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Brazil's police accused of routinely killing suspects

Police officer patrols Rio shanty town - file photo from 2007
Brazilian police are accused of "extrajudicial executions"

Police in Brazil's two biggest cities, Sao Paulo, and Rio de Janeiro, routinely commit unlawful executions, Human Rights Watch has alleged.

The New York-based group says a two-year investigation found evidence that officers often covered up such killings as justified self-defence.

Authorities in Rio, due to stage the 2014 World Cup and the 2016 Olympics, are under pressure to reduce violence.

But officials argue the police face often well-armed drug gangs.

Human Rights Watch says a detailed study of 51 cases showed there was credible evidence that police in Sao Paulo and Rio de Janeiro shot alleged criminals and then reported that the victims had died in shootouts while resisting arrest.

Post mortem reports showed that 17 of these victims had been shot at point-blank range, the HRW report said.

"The 51 cases do not represent the totality of potential extrajudicial killings, but are indicative of a much broader problem," HRW said.

Human Rights Watch says government statistics also indicate the scale of the problem.

Police in Sao Paulo and Rio states have killed more than 11,000 people since 2003, while over the past five years there were more police killings in Sao Paulo (2,176) than in South Africa (1,623), which has a higher murder rate.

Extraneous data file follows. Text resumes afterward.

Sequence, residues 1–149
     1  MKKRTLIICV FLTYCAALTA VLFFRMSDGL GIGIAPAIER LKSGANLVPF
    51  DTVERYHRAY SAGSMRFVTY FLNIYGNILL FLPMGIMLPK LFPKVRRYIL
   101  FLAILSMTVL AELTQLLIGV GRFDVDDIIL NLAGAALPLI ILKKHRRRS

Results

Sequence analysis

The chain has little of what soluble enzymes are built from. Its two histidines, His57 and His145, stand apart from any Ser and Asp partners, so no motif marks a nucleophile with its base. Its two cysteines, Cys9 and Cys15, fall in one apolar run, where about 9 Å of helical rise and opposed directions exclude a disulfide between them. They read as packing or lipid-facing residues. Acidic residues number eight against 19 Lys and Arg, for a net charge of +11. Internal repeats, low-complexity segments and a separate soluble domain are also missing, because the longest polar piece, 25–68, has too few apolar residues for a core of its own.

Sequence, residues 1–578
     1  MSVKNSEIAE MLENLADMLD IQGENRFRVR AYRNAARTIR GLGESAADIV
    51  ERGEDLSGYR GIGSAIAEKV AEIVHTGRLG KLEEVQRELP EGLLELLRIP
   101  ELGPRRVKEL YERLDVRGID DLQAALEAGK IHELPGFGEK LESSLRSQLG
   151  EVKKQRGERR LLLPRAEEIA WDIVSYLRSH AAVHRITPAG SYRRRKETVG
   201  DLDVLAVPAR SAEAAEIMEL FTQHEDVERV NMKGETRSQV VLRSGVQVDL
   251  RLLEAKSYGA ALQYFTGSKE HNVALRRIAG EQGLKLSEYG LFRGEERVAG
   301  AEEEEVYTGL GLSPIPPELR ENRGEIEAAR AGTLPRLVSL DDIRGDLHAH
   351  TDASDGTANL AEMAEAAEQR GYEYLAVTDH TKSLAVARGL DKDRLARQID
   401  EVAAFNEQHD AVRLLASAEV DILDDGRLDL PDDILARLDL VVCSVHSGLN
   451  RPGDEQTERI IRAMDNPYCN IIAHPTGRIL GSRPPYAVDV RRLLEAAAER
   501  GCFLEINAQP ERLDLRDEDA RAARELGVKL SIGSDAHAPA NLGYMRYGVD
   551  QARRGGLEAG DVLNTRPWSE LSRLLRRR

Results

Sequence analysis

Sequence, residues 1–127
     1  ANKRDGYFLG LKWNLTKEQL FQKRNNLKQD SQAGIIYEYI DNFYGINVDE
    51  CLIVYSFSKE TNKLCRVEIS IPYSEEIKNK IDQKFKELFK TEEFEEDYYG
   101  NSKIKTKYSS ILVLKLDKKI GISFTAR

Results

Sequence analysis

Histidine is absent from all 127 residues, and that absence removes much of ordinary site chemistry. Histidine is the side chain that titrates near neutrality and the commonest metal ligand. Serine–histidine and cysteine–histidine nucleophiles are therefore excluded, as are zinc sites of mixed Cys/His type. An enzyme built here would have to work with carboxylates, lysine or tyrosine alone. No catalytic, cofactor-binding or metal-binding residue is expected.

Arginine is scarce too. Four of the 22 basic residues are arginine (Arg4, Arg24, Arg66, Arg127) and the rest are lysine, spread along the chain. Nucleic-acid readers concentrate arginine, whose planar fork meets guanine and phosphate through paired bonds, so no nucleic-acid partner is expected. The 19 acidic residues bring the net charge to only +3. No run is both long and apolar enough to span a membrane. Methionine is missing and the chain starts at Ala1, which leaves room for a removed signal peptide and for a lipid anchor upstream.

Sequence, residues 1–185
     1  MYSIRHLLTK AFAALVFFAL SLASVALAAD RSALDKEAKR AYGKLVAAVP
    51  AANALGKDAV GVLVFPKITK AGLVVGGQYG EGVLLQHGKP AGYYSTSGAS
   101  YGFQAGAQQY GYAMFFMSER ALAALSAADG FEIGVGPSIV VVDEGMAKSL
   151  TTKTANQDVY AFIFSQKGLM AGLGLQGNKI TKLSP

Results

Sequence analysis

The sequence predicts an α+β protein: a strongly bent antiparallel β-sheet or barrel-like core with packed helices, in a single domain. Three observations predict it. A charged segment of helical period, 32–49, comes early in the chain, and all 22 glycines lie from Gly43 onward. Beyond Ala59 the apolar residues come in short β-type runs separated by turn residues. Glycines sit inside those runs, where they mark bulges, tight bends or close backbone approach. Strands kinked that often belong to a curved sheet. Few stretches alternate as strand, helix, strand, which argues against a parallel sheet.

'Armed combat'

Human Rights Watch says that while some police killings are legitimate acts of self-defence, many others amount to "extra-judicial executions".

The report argues that what is required is more effective policing, not more violence from the police. There was a chronic failure to hold officers to account for murder, it says, and the authorities should set up specialist units that are able to carry out proper investigations.

"There's a system in place where police in many poor neighbourhoods are completely out of control. It's a system of toleration that basically relies on the police to police themselves and they don't do it," said Daniel Wilkinson, Human Right Watch's deputy director for the Americas.

Reacting to the report, a Sao Paulo police statement said that every time someone dies following an armed confrontation with their officers an investigation is opened, and the results are sent to the judicial authorities.

They also pointed out that 50% of criminals involved in confrontations with police were arrested without being harmed, 33% escaped, and 17% were killed.

Human Rights Watch says state officials in Rio have promised a considered response to the report.

Authorities there have highlighted a new community-style policing approach which has been adopted in a small number of favelas or shanty towns, but critics says it needs to be much more extensive.

Officials also argue that critics do not take into account how officers must constantly take on violent drug gangs.

"We have to deal with something few others face: armed combat with drug-traffickers who are equipped with heavy weapons coming from abroad," Rio's state public security director Jose Beltrame told the Associated Press in October.

He was speaking after three police officers died when their helicopter was shot at and brought down in Rio de Janeiro during clashes involving police and drug gangs.



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